LOS ANGELES (AP) — Jimmy Fallon said a "Tonight Show" episode taped in Puerto Rico with "Hamilton" creator Lin-Manuel Miranda is a love letter to the island still in hurricane-recovery mode.
"It's a real celebration of Puerto Rico," Fallon told The Associated Press of Tuesday's episode of the NBC late-night show. "It's not just a pity party, it's a party party."
The show aims to boost tourism and let viewers know about other ways to help in the rebuilding, Fallon said. In return, the host promised, they'll get a "full-on variety show."
"It's one of the best shows, if not the best show, we've ever done. It's amazing," he said.
The inspiration to take New York-based "Tonight" to the island came from Miranda, who is of Puerto Rican heritage and told Fallon last year of his plan to stage an island run of "Hamilton," which opened Friday in San Juan.
Miranda, with a little one-time help from Fallon, performs "The Story of Tonight" number from his Broadway hit on Tuesday's broadcast. Miranda is raising relief money in the U.S. territory for artists and cultural groups that were devastated by 2017's Hurricane Maria.
Music artists Bad Bunny, Jose Feliciano and Ozuna also are featured, and Fallon showcases island activities and plays foodie with chef-activist Jose Andres, who led a grass-roots effort to feed residents of the devastated island.
A music video with Fallon, Bad Bunny and "Tonight" house band The Roots was filmed in San Juan's historic district and includes marching bands and dancers, the host said.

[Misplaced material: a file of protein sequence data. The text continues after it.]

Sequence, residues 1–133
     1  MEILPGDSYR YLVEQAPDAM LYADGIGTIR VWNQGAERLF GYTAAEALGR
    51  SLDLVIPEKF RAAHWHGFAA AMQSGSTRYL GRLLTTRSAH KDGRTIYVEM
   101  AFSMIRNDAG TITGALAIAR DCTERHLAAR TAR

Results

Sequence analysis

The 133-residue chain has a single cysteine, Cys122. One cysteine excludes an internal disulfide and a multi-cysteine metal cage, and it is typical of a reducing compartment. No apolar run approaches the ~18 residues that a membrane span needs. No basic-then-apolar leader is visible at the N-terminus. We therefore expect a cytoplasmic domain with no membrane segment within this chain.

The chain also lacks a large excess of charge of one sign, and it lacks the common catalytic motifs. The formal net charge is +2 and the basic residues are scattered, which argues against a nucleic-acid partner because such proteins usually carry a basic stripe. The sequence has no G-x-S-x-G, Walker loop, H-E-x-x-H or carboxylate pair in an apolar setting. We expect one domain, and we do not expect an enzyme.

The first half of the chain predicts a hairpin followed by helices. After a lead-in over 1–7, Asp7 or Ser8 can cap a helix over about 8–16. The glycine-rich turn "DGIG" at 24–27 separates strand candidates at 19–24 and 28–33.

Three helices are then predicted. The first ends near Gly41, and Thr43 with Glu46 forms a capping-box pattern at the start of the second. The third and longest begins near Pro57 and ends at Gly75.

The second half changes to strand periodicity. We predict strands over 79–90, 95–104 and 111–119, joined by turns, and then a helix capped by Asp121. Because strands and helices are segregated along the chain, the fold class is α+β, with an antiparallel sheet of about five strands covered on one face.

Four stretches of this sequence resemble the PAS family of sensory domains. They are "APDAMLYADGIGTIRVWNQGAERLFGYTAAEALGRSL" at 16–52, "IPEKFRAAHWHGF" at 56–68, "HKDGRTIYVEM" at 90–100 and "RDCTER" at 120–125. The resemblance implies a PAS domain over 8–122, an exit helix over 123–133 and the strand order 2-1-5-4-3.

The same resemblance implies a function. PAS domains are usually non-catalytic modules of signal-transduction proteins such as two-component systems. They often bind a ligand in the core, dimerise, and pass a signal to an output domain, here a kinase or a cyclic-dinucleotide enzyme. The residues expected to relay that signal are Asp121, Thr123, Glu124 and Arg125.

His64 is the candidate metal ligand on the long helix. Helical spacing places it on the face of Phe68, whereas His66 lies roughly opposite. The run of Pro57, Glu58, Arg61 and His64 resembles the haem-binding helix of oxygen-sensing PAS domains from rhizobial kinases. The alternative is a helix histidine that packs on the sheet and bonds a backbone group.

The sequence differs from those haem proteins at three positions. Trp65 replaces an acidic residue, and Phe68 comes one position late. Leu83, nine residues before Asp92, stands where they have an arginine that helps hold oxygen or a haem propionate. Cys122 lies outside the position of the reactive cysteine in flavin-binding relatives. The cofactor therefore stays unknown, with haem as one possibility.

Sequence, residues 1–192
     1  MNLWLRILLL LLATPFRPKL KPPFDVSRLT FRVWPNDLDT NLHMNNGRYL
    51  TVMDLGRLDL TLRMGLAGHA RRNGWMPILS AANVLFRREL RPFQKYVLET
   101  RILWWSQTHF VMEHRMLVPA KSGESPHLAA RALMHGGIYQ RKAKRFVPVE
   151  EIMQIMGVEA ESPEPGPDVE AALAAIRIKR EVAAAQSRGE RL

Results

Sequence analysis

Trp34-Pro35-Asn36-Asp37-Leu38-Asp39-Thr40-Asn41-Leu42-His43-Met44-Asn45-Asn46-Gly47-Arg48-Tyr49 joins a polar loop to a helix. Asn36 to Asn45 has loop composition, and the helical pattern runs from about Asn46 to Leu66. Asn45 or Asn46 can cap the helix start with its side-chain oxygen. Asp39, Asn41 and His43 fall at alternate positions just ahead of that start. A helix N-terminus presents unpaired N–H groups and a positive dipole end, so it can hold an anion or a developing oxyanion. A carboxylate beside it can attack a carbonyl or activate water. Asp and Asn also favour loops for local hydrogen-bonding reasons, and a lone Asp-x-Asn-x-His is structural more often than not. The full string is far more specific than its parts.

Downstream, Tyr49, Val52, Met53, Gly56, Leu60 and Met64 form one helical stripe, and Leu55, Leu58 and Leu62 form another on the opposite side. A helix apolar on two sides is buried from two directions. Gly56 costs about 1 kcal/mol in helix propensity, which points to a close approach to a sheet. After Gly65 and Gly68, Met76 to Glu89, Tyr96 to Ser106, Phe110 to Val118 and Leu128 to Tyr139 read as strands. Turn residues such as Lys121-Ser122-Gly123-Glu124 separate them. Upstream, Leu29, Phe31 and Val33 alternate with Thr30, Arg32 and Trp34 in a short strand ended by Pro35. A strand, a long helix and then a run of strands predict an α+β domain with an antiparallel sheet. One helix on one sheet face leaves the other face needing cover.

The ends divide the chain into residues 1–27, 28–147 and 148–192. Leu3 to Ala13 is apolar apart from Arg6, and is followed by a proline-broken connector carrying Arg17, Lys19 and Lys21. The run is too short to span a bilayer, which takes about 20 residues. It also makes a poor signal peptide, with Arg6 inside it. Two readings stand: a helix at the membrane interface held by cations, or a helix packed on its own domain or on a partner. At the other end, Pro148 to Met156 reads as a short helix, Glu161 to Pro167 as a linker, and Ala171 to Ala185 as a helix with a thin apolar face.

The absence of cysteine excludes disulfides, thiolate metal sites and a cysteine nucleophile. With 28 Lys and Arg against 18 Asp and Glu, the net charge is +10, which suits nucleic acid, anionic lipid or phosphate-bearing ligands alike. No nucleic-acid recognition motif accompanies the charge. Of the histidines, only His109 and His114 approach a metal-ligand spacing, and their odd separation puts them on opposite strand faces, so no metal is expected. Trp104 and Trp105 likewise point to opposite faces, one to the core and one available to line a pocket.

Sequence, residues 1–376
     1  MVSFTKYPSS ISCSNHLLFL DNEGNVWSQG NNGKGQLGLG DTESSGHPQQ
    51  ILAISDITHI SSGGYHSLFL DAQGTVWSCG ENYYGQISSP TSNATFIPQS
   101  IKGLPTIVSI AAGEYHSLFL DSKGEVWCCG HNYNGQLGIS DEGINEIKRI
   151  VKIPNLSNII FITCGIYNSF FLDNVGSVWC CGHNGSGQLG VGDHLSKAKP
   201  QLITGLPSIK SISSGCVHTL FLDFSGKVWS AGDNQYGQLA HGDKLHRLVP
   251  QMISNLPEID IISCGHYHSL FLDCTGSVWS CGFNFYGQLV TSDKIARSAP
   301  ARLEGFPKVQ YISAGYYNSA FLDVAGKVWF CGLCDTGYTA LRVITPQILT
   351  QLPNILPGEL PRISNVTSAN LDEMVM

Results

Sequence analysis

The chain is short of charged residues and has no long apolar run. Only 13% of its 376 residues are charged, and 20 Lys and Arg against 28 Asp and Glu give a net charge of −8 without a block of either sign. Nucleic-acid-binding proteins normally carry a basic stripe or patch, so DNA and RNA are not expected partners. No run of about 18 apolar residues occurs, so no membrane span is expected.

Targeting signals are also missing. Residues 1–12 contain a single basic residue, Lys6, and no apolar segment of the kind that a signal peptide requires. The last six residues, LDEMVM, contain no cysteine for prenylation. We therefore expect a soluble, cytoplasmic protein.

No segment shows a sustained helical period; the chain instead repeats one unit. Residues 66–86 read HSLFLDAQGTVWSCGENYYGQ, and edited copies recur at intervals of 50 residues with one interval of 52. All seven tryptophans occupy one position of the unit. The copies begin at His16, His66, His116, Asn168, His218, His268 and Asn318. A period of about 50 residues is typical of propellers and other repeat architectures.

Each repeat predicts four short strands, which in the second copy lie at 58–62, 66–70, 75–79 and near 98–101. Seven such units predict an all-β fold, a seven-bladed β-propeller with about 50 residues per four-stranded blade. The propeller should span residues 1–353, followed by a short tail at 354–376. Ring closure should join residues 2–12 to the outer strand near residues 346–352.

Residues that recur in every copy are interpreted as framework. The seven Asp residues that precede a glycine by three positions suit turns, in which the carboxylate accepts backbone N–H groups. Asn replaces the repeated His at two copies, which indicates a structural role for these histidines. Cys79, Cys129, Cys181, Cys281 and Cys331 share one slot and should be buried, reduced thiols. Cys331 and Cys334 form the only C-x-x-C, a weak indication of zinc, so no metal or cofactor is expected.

"Tonight" closes with Feliciano and Ozuna singing the beloved Puerto Rican tune "En Mi Viejo San Juan" ("In My Old San Juan").
The show aims to highlight Puerto Rico's culture as well as what it still faces after the disaster, including restoration costs estimated by the government at more than $130 billion.
Fallon said he's been asked by some people why he and "Tonight" took on the complicated, costly episode when he's not from Puerto Rico. He has a ready answer.
"But I'm American, and we've got to step up, we've got to help each other," he said. "That's the message that Lin and Jose are sending through their charities and what they're doing."
The pleased reaction from Puerto Ricans to the show's presence was overwhelming, he told the AP on Monday: "I said 'gracias' so much, my Spanish got much better."
The episode reflects the show's effort to stay fresh, Fallon said.
"We're always changing, always doing something different and always growing. And I think it's good, as my mom would say, to get out of the house" and, for Fallon, hit the road to meet the show's viewers.
While other late-night competitors such as CBS' Stephen Colbert have made today's contentious politics their bread-and-butter and enjoyed ratings boosts, "Tonight" has kept to its course as a mainstream show that reflects Fallon's sunny demeanor. A lively hour with the potential to do good is in his wheelhouse.
During his brief island downtime, Fallon visited one struggling area still facing big challenges, including school closures. It's not part of the episode, but viewers are given information on how they can donate to charities aiding in the island's recovery.
Fallon, taking on the role of Puerto Rico's tourism advocate, also strongly suggests taking an island vacation.
"You can have fun and that would mean just as much as giving. It's a win-win," he said.
Lynn Elber can be reached at firstname.lastname@example.org and on Twitter at http://twitter.com/lynnelber .